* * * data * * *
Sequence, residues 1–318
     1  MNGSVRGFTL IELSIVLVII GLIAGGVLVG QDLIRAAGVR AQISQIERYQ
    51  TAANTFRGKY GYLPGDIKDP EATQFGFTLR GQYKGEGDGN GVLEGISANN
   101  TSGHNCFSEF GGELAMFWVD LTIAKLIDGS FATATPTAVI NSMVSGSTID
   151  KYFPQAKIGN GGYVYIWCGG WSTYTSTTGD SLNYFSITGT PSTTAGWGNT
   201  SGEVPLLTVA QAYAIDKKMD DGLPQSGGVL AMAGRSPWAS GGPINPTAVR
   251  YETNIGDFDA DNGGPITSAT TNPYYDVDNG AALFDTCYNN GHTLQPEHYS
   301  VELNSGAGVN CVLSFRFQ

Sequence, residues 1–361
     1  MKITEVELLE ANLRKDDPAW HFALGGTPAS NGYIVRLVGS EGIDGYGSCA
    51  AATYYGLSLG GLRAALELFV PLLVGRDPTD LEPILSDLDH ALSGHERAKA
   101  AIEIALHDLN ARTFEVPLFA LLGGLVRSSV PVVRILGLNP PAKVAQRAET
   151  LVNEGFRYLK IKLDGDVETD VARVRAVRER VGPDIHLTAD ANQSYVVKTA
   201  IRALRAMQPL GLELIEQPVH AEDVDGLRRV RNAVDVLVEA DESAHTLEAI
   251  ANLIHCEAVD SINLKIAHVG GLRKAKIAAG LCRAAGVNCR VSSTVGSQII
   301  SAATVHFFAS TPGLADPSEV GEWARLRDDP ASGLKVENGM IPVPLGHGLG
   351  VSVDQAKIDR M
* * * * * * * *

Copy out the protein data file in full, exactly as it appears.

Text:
Sequence, residues 1–318
     1  MNGSVRGFTL IELSIVLVII GLIAGGVLVG QDLIRAAGVR AQISQIERYQ
    51  TAANTFRGKY GYLPGDIKDP EATQFGFTLR GQYKGEGDGN GVLEGISANN
   101  TSGHNCFSEF GGELAMFWVD LTIAKLIDGS FATATPTAVI NSMVSGSTID
   151  KYFPQAKIGN GGYVYIWCGG WSTYTSTTGD SLNYFSITGT PSTTAGWGNT
   201  SGEVPLLTVA QAYAIDKKMD DGLPQSGGVL AMAGRSPWAS GGPINPTAVR
   251  YETNIGDFDA DNGGPITSAT TNPYYDVDNG AALFDTCYNN GHTLQPEHYS
   301  VELNSGAGVN CVLSFRFQ

Sequence, residues 1–361
     1  MKITEVELLE ANLRKDDPAW HFALGGTPAS NGYIVRLVGS EGIDGYGSCA
    51  AATYYGLSLG GLRAALELFV PLLVGRDPTD LEPILSDLDH ALSGHERAKA
   101  AIEIALHDLN ARTFEVPLFA LLGGLVRSSV PVVRILGLNP PAKVAQRAET
   151  LVNEGFRYLK IKLDGDVETD VARVRAVRER VGPDIHLTAD ANQSYVVKTA
   201  IRALRAMQPL GLELIEQPVH AEDVDGLRRV RNAVDVLVEA DESAHTLEAI
   251  ANLIHCEAVD SINLKIAHVG GLRKAKIAAG LCRAAGVNCR VSSTVGSQII
   301  SAATVHFFAS TPGLADPSEV GEWARLRDDP ASGLKVENGM IPVPLGHGLG
   351  VSVDQAKIDR M